“Noah is the least biblical film ever made.” This is a quote from the director of the movie, Darren Aronofsky. His quote continues with language that I will not quote in this article.
Of course, whenever Hollywood takes artistic license with a biblical story, a debate about the role of art is sure to ensue. And just as surely as that debate will rage, some in the Christian community will judge Christian critics for being judgmental. (Did you catch the irony of that sentence?) In fact, it is already happening and the movie is weeks away from being released in the U.S.
Since I have not viewed the movie, I will assume that the director’s assessment can at least mean that it is not a biblically based movie. I’m not sure if he has viewed all of the other movies in the genre to make such a definitive statement. But viewers should not hope to see something contrary to the director’s comments.
The trailer, I must admit, does look promising. My comments below are about the license of art when it comes to biblical stories and may or may not specifically apply to Noah.
I do not have a problem with films being artistic. I’m even willing to use the term in the modern sense. It can be edgy, raw and challenge viewer’s to think beyond their comfort zones. However, my issue lies with the original selection of the artistic subject matter. If an artist has a message to communicate and desires to do so in a provocative manner, be a real artist and create your own story to reflect the desired message and medium. Why must you borrow from what has been produced by others?
I would think this way even if we were talking about another historical figure rather than a biblical character like Noah. When the movie about Lincoln came out in 2012, the man presented on the screen was recognizable as the 16th president. Yet it presented a story in a fresh manner. It was valuable art – in my opinion.
Let’s say that a modern artist creates a painting and titles it Mona Lisa. The first problem is that the new work has a plagiaristic foundation. Artists known as writers get fired or sued for that sort of thing. But let’s say that the new Mona Lisa looks more like a character on TMZ – let’s say Justin Bieber. Would folks really consider the new painting a serious work of art? Would the Louvre be making space near the original for this juvenile creation?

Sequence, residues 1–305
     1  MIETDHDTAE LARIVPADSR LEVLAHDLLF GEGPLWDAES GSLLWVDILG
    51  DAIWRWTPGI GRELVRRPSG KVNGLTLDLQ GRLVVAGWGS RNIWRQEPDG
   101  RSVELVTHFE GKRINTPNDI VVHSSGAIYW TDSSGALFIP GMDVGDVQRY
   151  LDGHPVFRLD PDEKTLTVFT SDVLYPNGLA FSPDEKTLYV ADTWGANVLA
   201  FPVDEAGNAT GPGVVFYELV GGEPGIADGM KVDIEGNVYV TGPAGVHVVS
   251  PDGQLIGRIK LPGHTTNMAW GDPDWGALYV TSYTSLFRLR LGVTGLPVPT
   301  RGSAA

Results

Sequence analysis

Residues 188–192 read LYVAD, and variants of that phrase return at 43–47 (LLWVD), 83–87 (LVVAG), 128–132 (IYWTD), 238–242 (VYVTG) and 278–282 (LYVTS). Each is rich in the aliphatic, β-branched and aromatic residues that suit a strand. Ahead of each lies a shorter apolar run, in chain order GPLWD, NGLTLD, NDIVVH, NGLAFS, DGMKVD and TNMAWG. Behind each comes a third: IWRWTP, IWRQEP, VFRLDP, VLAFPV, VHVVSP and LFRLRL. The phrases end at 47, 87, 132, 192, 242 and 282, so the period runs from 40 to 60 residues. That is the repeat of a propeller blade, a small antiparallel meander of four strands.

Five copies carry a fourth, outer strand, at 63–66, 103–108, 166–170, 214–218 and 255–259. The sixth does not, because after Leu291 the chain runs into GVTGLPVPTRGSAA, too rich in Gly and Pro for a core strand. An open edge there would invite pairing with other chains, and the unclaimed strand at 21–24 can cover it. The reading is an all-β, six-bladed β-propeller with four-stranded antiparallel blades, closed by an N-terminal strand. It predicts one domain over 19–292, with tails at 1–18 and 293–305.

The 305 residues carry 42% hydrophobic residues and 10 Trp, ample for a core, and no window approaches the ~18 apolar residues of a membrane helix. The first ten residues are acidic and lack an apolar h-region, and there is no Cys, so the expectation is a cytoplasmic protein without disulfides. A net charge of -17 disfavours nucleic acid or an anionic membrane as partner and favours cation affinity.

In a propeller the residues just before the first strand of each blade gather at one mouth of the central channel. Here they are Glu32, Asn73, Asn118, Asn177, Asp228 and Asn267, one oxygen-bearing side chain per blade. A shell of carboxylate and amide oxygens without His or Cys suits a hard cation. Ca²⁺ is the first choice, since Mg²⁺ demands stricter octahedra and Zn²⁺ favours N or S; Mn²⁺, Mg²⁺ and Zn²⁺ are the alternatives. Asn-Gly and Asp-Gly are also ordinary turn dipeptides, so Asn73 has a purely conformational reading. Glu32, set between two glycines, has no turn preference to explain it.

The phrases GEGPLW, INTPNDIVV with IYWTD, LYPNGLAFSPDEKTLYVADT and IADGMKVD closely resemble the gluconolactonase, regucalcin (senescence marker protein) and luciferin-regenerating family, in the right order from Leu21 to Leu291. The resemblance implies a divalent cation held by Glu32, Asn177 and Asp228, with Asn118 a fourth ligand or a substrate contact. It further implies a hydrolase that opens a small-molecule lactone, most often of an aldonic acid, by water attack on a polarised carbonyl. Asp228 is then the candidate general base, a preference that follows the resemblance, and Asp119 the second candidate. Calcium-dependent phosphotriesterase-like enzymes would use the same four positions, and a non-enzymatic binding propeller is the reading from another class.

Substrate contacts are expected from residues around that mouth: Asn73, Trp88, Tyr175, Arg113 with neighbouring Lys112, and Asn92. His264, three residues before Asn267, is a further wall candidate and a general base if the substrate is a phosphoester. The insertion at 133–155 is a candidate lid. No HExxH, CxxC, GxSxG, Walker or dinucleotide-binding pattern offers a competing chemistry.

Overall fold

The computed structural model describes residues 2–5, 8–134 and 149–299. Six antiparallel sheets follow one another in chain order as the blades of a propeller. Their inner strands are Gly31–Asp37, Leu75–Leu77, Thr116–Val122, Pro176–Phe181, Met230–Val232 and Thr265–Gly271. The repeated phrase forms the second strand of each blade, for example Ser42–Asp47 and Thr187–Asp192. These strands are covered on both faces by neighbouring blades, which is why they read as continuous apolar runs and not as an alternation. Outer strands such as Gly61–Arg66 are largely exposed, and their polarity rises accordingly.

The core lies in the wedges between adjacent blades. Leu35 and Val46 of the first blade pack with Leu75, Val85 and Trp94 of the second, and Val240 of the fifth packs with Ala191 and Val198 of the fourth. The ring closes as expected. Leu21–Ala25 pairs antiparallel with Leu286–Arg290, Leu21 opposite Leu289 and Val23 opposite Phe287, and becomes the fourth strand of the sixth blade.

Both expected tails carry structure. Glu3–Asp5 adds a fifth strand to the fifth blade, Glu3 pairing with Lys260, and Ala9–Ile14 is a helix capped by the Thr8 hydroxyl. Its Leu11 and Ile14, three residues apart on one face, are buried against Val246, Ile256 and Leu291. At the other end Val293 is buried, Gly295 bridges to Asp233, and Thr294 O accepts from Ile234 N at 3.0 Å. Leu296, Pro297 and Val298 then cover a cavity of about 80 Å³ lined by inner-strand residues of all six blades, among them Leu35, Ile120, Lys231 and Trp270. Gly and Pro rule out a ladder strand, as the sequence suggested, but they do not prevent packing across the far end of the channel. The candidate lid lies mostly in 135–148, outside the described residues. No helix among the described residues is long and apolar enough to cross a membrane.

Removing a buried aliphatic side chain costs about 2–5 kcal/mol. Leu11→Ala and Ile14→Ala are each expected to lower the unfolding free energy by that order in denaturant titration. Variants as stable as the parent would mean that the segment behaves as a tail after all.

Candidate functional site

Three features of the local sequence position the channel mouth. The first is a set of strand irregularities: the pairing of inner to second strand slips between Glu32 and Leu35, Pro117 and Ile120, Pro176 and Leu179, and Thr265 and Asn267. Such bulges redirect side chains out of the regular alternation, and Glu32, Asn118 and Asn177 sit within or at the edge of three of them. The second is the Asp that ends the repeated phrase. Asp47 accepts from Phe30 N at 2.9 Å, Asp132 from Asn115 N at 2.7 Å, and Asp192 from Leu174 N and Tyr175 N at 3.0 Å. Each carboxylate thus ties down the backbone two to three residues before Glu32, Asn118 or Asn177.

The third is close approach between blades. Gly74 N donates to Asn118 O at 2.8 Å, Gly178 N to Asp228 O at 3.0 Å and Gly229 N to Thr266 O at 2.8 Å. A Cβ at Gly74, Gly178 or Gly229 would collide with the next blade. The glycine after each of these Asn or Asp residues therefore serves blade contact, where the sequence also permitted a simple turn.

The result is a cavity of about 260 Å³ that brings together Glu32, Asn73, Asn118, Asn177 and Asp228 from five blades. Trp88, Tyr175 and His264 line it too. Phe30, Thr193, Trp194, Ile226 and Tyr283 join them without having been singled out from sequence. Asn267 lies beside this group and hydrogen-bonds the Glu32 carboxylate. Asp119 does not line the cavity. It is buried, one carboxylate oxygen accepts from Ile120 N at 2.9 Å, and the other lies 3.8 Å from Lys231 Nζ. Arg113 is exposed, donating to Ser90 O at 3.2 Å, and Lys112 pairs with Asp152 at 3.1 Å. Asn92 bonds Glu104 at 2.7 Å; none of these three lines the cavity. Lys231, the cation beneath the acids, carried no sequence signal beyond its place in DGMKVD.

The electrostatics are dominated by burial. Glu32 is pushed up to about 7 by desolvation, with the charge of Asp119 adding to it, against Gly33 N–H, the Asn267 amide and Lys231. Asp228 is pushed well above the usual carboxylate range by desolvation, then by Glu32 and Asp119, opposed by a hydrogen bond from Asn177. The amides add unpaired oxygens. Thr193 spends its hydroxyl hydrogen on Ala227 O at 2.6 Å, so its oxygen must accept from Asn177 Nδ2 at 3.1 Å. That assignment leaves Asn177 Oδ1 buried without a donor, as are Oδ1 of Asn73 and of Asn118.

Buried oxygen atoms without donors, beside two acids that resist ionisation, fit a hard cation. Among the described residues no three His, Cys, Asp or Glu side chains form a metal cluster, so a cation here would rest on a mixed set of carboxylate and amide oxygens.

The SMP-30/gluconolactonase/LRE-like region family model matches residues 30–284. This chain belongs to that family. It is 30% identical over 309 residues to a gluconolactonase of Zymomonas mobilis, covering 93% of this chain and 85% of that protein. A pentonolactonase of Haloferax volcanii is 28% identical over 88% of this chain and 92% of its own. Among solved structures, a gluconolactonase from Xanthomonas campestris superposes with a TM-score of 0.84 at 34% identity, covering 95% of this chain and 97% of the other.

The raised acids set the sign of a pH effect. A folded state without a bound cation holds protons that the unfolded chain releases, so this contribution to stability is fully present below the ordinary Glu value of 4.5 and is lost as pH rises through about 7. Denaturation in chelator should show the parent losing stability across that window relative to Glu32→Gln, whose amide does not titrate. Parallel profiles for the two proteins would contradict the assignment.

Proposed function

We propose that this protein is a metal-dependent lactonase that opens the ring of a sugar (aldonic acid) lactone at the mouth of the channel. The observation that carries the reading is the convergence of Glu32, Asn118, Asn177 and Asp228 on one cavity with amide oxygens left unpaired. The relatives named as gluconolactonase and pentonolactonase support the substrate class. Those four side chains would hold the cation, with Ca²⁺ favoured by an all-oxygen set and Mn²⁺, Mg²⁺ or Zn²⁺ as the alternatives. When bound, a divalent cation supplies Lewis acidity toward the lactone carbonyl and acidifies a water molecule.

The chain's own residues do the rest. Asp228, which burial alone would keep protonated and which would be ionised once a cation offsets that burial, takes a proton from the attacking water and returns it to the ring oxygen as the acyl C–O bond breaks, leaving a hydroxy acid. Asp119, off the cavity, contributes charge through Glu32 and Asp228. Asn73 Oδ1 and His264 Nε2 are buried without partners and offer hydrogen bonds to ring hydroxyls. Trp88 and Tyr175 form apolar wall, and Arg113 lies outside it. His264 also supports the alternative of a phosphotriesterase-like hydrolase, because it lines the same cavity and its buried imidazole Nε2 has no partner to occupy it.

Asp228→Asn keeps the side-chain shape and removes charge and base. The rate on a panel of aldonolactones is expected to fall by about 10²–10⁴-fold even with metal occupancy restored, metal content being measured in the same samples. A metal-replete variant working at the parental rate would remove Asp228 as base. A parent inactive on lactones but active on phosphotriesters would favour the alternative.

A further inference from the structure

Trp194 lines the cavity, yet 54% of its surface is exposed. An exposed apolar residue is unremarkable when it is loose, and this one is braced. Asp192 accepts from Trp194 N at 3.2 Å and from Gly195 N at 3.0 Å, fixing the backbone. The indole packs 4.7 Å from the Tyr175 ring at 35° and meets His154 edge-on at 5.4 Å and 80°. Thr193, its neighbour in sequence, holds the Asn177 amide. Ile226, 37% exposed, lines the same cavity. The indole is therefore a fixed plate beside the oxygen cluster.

No, not at all. It would be derided. It might make a good t-shirt image for Bieber fans, but it certainly would not rank as art. It might be entertaining, but not necessarily artistic.
Can we not be consistent and apply the same artistic standards to Hollywood? Let Aronofsky be as artistic as he chooses. Let him tell whatever story he desires. But don’t name it Noah and be a man vastly different than Noah.
One last comparison – let’s say that a movie director wants to make a movie about you. He interviews you and talks to people who know you. He reads what you have written. He views your pictures. He learns your schedule and your habits. He knows your favorite foods, etc. He names the movie after you and uses your picture in the promo pieces.
But when you sit in the theater to watch the movie, you see the story of a person who is of the other gender from you. That person is ethnically different, lives in a different part of the world, speaks a different language and acts nothing like you. Would that be art? More likely it would be slander.
In the end I will probably go and see the movie. After all it will allow me the opportunity to enjoy a tub of movie theater popcorn.